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By: Abhishek Unnithan, Rajiv Gandhi National University of Law


“If Liberty means anything at all, it means the right to tell people things they do not want to hear.” This is the foundational social contract underpinning every free society. A civilized, democratic government rests on the quality of public discourse and this is engendered by the clashing of dissenting ideas and opinions. A democracy attempting to gag the free flow of expression is simply paying lip service to its democratic credentials. The tremendous explosion offset by the rise of the Internet has fundamentally altered the way people receive and transmit information. The Internet has manufactured a culture of mass amateurization, an era where anybody with a computer connection can be a media outlet. Incendiary news that could have been suppressed by the state’s iron fist now travels with the speed of wildfire[i]. Governments around the world have felt the heat caused by this digital revolution and often taken steps to gag free speech, under the pretext of maintaining social order.

A legal tool of the same colour was enacted by the Indian Government in the form of Section 66A of the Information Technology Act, 2000. The Information Technology Act was enacted to provide legal recognition to the burgeoning sector of e-commerce as well as effectively combat the array of cybercrimes arriving in its wake. In 2008, the Act was amended to introduce Section 66A which empowered law enforcement authorities to arrest citizens for sending “offensive and menacing” messages and was passed without discussion in the Parliament. The section vested police officials with the authority to make arrests based on messages which were construed to be “offensive” or “menacing” or “for the purpose of causing annoyance, inconvenience, danger, obstruction, insult” etc. The punishment, extending up to a prison term of three years, could be arbitrarily meted out to anybody sending “offensive” messages via a computer or any other communication device[ii].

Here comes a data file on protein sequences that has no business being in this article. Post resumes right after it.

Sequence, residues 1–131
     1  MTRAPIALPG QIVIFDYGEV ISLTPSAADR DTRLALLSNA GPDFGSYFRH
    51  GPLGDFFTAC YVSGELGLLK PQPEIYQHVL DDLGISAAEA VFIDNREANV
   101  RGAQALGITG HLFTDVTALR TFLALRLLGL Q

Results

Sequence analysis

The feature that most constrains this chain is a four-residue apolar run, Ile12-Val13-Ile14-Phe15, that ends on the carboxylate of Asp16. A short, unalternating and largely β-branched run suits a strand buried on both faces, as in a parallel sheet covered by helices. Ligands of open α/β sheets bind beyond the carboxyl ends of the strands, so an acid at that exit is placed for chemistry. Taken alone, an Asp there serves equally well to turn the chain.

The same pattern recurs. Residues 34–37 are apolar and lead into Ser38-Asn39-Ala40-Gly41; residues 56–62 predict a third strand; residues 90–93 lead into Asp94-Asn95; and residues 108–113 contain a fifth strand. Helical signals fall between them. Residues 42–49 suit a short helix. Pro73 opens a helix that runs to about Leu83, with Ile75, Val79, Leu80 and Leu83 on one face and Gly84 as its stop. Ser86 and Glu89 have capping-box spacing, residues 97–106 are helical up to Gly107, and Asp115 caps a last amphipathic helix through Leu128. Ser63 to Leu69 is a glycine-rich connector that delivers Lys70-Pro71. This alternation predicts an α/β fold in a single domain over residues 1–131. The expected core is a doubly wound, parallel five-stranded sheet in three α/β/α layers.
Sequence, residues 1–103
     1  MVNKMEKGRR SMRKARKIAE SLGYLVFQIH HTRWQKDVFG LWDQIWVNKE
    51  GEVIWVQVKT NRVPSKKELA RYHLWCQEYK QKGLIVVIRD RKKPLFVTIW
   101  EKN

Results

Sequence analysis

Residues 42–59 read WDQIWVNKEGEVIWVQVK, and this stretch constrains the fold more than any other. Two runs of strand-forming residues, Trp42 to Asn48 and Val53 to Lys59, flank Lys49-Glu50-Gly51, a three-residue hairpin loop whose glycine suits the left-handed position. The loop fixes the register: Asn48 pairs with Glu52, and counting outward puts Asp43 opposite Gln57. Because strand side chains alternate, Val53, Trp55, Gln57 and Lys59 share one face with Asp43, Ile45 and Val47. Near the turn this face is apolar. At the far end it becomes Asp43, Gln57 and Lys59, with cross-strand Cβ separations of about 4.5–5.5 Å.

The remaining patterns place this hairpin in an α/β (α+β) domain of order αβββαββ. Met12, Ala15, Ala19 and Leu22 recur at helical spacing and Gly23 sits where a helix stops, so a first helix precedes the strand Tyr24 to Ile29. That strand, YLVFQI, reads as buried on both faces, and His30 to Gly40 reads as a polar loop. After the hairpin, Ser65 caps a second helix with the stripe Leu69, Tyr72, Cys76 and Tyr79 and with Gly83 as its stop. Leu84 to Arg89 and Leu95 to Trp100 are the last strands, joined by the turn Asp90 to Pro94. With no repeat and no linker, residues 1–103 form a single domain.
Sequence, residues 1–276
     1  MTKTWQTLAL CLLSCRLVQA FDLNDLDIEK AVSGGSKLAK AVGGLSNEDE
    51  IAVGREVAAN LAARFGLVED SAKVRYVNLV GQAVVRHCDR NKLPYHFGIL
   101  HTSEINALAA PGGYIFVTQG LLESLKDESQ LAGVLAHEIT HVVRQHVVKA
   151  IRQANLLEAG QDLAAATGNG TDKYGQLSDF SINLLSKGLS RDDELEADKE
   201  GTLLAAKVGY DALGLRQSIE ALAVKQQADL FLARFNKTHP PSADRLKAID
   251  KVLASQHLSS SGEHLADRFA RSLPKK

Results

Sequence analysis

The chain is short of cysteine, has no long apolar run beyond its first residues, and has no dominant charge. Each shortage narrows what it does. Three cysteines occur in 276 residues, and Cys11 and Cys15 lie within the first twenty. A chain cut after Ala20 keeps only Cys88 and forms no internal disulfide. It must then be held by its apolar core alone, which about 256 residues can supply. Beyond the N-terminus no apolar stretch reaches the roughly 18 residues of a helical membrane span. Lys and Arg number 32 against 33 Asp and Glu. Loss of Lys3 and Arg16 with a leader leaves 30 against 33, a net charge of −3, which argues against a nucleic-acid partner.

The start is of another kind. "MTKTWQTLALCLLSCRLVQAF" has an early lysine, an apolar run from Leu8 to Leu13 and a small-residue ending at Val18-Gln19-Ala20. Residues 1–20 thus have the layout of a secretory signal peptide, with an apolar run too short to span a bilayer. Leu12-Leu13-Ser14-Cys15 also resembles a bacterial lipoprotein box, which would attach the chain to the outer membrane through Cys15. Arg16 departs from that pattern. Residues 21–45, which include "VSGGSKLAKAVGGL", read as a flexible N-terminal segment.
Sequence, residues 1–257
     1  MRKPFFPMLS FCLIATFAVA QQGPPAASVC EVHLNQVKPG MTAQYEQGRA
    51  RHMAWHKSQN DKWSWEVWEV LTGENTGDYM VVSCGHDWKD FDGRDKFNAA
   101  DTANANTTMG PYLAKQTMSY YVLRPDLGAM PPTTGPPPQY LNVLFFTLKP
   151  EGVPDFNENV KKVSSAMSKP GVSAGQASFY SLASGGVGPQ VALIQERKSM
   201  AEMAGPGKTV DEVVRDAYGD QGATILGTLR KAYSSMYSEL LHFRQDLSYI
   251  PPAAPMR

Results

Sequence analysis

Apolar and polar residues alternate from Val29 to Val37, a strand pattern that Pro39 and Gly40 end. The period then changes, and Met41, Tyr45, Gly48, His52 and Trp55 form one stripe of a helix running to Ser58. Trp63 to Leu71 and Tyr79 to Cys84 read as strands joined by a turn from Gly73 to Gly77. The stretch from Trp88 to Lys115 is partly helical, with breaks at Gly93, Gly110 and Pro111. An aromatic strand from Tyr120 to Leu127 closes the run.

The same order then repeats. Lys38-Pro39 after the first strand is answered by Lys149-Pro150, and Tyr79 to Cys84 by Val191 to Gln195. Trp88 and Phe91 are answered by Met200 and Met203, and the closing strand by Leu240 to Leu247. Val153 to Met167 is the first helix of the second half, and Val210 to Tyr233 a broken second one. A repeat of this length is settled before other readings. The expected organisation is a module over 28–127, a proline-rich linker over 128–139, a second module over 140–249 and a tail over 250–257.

The biggest criticism of the law pertained to the vague definition of “offensive” messages and the enormous power vested with police officials in determining what fell under this category. Legal scholars and activists pointed out that “offensive” was a purely subjective term and could not be effectively employed as a legal parameter. What one person deems to be inoffensive may infuriate someone else. This created a malicious opportunity for police officials to abuse the law and haul up anyone who might have a dissenting opinion. The law thus violated the fundamental right to free speech and expression (Article 19(1)(a)) and right to life (Article 21) as enshrined in the Constitution. Proponents of the law argued that strict legal punishments were necessary to curtail the abuse of information technology, especially social media and that the law was protected under the “reasonable restriction” clause elucidated in Article 19(2) of the Constitution.

When the issue finally came up before the Supreme Court in the case of Shreya Singhal vs. Union of India (AIR 2015 SC 1523)[iii], the apex court struck down Section 66A for being “unconstitutionally vague” and derailed the state’s attempt to gag free speech on the Internet. This was a significant decision which recognized the explosive power of the Internet in transcending traditional media and created a channel for unfettered access to information. The landmark judgement was rightly applauded across the country and around the world as a vehement pushback against state depredation and a resonant victory for free speech. Given the strongly worded pronouncements of the Supreme Court, it was assumed that Section 66A would never be invoked again and remain confined to scholarly discussions surrounding free speech in India.

However, this was not to be the case. Recently, the Supreme Court expressed its disappointment at the continued and widespread use of the obsolete provision by law enforcement authorities, calling it a “shocking state of affairs.” According to Senior Counsel Sanjay Parikh and advocate Aparna Bhatt representing the People’s Union of Civil Liberties (PUCL), around 1000 cases have been registered under Section 66A of the Information Technology Act[iv].  Acting with alacrity, the apex court demanded a response from the Centre at this illegal feat of judicial necromancy. The Centre has now instructed state governments to not register cases under the repealed section and withdraw any cases already registered.